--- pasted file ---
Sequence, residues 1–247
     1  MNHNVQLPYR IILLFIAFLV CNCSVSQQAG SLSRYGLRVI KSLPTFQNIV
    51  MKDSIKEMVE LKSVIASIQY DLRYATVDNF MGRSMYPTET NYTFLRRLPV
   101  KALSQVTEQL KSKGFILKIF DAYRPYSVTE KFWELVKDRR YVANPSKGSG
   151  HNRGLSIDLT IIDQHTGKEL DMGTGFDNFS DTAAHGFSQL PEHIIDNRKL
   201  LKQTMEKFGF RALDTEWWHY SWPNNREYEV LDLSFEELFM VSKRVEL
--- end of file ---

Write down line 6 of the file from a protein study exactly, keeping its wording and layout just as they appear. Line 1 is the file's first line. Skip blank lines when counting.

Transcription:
   201  LKQTMEKFGF RALDTEWWHY SWPNNREYEV LDLSFEELFM VSKRVEL